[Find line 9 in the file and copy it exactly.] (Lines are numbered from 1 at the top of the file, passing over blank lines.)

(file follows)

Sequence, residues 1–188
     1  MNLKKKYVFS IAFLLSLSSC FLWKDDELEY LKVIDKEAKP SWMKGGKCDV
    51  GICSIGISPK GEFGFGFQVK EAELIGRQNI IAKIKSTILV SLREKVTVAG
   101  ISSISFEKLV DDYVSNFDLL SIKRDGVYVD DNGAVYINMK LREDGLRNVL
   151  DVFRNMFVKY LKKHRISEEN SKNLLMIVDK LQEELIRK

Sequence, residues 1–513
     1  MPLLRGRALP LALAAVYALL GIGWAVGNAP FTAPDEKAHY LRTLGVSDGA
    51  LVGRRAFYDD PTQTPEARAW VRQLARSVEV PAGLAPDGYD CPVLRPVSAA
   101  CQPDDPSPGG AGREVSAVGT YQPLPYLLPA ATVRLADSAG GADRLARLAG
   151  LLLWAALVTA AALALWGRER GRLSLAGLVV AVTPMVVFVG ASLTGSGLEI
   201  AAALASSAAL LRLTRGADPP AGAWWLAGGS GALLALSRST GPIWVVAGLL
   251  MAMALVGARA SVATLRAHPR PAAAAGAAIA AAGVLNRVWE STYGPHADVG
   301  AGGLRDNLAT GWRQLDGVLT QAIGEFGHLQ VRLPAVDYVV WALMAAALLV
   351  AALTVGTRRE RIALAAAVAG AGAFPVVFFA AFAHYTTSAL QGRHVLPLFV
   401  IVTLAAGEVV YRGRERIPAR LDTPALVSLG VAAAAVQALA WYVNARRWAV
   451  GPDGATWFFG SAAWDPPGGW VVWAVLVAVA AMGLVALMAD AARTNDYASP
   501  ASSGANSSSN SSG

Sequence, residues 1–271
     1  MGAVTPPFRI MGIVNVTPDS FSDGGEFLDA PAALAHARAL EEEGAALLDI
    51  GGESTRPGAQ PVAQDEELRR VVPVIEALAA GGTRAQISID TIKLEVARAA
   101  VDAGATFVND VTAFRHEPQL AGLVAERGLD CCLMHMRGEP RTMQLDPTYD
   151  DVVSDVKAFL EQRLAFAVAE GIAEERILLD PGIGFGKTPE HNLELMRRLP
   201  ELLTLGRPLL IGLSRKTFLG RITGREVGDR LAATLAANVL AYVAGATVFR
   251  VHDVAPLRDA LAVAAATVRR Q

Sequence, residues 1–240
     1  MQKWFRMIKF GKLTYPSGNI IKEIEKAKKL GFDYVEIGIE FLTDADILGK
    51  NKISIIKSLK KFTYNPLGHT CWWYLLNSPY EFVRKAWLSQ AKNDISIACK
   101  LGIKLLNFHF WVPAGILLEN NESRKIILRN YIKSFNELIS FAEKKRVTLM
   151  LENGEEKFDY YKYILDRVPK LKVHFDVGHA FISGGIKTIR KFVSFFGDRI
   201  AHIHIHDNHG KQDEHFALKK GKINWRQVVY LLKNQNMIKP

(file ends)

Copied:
   101  CQPDDPSPGG AGREVSAVGT YQPLPYLLPA ATVRLADSAG GADRLARLAG